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Tan, S. (2018). Spettacolo directed by Jeff Malmberg and Chris Snellen Grasshopper Film, 2017; 91 minutes. Fort Da, 24(1):101-105.

(2018). Fort Da, 24(1):101-105

Reviews: Film Review Essay

Spettacolo directed by Jeff Malmberg and Chris Snellen Grasshopper Film, 2017; 91 minutes

Review by:
Sydney Tan, Psy.D.

The Films of Our Lives

In this place new things were shown that soothed his fear,

here, Aeneas first dared to hope for safety,

and to trust in better hopes for his affliction.

For in the great temple while examining each wall,

awaiting the queen, he wonders about the fortune of the city,

he admires the skills of the craftsmen and their works of labor,

he sees the Trojan battles one by one,

the wars now made common by their fame throughout the world,

the sons of Atreus, Priam, and Achilles, ferocious to all sides.

He stood, weeping, “What place,” he said, “Achates,

what region on earth is not filled with our suffering?”

—Virgil, The Aeneid, author's translation

In his book The Necessary Dream, Giuseppe Civitarese (2014) quotes the poet Charles Simic's description of dreams as the “films of our lives” (p. xi). Psychoanalysis, since its inception, has been taken up with the dream. Freud (1900) famously describes the interpretation of dreams as “the royal road to a knowledge of the unconscious activities of the mind” (p. 608). For him, dream interpretation granted access to the “most marvelous and most mysterious” of all instruments — the unconscious. Building upon Freud's ideas, contemporary thinkers have moved toward a more expansive view of dreaming, focusing instead on the process of dreaming as a creative act — a function that constructs the mind.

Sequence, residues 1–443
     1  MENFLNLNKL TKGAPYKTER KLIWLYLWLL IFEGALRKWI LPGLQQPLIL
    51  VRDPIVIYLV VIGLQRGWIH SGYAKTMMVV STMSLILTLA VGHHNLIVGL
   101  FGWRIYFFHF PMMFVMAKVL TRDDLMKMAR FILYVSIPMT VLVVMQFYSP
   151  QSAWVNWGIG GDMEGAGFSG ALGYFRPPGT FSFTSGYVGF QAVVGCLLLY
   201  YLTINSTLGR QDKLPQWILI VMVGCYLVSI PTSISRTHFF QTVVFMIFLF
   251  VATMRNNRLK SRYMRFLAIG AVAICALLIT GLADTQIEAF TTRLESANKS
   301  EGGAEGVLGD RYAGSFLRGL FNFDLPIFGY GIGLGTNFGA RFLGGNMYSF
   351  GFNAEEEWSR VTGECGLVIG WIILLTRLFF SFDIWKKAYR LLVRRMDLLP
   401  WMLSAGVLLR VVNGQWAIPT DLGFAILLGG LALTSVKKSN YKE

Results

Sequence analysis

The documentary film Spettacolo (Italian for “show,” from the Latin spectāclum, meaning spectacle or public event), by Jeff Malmberg and Chris Shellen (2017), tells the story of life in Monticchiello, a small Tuscan hilltop town about 70 miles south of Florence. Each summer, its residents turn the piazza into a stage and their lives into a play.

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